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1820s Britain: after the wars with France, when unemployment was high and soldiers could be paid off, when the government was desperately afraid of social unrest, any crime was drastically punished and thousands were hung. But one could petition the King and an investigation might ensue.
The man in the dark cell in Newgate Prison was due to hang in a week. He had been found guilty of murdering the aristocrat whose portrait he was painting. He claimed to be innocent – but then the hangman had never hung a guilty man, he said. But even in 1820, the Home Secretary could occasionally use his powers to grant mercy if his investigator found cause and Rider Sandman, once of the First Foot Guards, is given the job.
Rider Sandman, a hero of Waterloo, has family debts to repay but when his first steps in the investigations produce a sizeable bribe to look the other way, this only arouses his smouldering anger over the condition of England, a country which he and others in Wellington's army had fought to preserve. Stepping between gentlemen's clubs and taverns, talking to aristocrats, fashionable painters, their models, and their mistresses, dodging professional cut-throats and deceptive swordsmen, Sandman uncovers a conspiracy of silence, a group whose proudest boast was that they would do anything for any one of them.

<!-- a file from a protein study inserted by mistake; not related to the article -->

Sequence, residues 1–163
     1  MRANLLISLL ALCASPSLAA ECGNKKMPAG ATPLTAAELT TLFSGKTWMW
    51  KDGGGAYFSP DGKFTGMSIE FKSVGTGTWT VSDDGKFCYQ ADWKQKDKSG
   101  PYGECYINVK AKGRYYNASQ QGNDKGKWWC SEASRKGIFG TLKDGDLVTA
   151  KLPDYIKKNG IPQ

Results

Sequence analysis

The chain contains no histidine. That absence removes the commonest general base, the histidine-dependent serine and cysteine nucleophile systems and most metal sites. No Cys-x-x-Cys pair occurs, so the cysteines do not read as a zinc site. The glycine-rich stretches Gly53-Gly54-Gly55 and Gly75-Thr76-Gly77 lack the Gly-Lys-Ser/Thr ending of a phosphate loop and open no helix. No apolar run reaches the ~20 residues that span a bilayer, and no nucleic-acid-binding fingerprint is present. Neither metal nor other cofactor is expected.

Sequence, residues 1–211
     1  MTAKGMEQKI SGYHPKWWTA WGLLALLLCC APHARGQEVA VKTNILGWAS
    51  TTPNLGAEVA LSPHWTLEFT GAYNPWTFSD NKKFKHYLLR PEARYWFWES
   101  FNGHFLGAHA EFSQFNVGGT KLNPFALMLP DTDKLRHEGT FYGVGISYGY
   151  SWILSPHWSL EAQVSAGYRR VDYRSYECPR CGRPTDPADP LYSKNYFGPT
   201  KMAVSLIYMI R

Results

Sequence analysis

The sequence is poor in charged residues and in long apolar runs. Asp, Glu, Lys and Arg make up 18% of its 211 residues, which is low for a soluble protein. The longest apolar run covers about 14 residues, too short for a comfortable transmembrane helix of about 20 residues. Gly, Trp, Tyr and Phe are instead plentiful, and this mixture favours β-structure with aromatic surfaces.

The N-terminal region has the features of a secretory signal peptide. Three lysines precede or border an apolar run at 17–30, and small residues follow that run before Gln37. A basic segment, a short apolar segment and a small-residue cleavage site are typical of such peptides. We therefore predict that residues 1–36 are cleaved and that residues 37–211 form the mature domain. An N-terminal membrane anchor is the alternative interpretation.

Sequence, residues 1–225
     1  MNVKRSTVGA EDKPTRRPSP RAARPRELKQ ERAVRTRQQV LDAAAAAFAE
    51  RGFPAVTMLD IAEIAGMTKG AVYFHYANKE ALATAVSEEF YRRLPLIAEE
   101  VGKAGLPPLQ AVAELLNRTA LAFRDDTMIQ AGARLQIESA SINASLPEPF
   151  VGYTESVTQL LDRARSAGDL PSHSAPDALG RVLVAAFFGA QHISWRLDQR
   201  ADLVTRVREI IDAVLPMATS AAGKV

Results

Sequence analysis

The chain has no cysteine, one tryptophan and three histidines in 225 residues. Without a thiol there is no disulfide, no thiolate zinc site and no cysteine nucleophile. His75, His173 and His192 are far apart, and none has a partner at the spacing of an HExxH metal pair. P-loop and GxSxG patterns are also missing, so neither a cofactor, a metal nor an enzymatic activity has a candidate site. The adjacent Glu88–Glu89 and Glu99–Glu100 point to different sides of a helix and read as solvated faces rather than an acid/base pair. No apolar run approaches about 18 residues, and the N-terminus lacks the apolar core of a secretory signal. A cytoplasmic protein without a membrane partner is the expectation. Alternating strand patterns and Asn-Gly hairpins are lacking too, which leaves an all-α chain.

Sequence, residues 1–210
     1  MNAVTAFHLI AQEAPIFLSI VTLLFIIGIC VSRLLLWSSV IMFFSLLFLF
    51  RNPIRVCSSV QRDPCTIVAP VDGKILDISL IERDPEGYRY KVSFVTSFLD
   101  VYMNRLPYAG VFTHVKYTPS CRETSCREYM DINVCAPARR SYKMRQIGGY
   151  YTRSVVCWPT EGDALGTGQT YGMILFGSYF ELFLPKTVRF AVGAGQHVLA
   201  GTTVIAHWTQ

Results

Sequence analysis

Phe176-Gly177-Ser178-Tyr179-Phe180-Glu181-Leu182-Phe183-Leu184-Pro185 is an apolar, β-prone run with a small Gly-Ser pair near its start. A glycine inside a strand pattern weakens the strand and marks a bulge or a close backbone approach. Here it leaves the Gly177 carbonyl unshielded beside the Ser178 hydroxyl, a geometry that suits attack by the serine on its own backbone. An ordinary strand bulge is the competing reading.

Sandman is a wonderful character, as yet undaunted by the sleazy streets, dank jails or the looming scaffold, and uncorrupted by politicians, sneering gentlemen or frightening bruisers, an investigator in the making and a brilliant, but very different, hero for all Bernard Cornwell fans.